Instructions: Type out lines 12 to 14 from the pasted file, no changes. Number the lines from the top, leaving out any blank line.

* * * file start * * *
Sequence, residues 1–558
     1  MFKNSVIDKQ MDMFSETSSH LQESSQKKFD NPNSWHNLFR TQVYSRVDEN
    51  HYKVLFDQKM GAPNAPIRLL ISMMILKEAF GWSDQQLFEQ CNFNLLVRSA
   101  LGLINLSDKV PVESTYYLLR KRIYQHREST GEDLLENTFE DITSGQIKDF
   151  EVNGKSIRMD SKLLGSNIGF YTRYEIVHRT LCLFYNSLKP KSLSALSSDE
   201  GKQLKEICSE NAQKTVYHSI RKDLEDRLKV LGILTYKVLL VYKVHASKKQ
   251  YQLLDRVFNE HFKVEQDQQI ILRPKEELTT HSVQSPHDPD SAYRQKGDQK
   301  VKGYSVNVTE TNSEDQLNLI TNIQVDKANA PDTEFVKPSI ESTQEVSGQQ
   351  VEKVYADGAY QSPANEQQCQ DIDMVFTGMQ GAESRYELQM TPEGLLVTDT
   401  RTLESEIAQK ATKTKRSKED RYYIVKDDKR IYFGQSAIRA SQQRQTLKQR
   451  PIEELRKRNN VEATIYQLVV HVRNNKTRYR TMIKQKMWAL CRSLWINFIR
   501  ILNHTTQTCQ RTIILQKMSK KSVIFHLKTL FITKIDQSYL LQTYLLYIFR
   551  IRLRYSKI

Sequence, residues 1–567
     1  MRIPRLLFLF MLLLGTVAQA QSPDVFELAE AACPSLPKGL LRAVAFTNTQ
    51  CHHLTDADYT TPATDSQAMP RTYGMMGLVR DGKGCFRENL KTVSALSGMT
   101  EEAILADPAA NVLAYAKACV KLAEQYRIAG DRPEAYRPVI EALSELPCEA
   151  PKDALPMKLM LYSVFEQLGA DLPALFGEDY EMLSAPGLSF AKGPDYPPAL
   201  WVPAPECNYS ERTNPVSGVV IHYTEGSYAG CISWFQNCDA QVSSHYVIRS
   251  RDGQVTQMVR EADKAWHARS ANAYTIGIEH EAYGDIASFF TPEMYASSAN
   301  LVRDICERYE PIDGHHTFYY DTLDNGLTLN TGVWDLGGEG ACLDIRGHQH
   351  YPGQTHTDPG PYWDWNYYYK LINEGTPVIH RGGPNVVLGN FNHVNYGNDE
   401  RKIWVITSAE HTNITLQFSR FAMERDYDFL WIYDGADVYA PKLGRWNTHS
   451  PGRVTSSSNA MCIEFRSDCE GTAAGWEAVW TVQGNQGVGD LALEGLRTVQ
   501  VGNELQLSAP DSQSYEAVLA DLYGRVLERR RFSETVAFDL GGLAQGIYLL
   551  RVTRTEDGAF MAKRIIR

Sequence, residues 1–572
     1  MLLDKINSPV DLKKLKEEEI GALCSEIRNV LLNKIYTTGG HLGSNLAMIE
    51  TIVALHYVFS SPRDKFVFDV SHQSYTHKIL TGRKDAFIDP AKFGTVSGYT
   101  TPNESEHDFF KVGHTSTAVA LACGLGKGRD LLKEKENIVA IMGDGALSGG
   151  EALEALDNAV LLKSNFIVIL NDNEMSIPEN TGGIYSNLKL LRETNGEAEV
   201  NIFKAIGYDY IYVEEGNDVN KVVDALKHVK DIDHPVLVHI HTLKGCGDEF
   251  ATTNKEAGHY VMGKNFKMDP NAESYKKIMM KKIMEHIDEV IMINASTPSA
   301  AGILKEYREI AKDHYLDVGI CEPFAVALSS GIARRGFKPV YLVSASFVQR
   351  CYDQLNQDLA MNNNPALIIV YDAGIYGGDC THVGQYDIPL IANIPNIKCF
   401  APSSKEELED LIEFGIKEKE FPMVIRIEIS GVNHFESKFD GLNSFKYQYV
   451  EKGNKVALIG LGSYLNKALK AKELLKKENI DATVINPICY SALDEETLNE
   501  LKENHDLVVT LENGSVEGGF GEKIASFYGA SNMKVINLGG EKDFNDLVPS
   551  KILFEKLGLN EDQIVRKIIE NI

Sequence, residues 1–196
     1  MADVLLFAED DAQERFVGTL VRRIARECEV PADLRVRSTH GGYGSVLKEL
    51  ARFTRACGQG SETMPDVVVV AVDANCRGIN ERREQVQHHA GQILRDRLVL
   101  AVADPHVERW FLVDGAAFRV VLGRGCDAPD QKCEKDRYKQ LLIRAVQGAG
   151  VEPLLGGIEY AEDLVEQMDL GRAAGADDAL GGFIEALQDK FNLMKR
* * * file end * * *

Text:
   501  ILNHTTQTCQ RTIILQKMSK KSVIFHLKTL FITKIDQSYL LQTYLLYIFR
   551  IRLRYSKI

Sequence, residues 1–567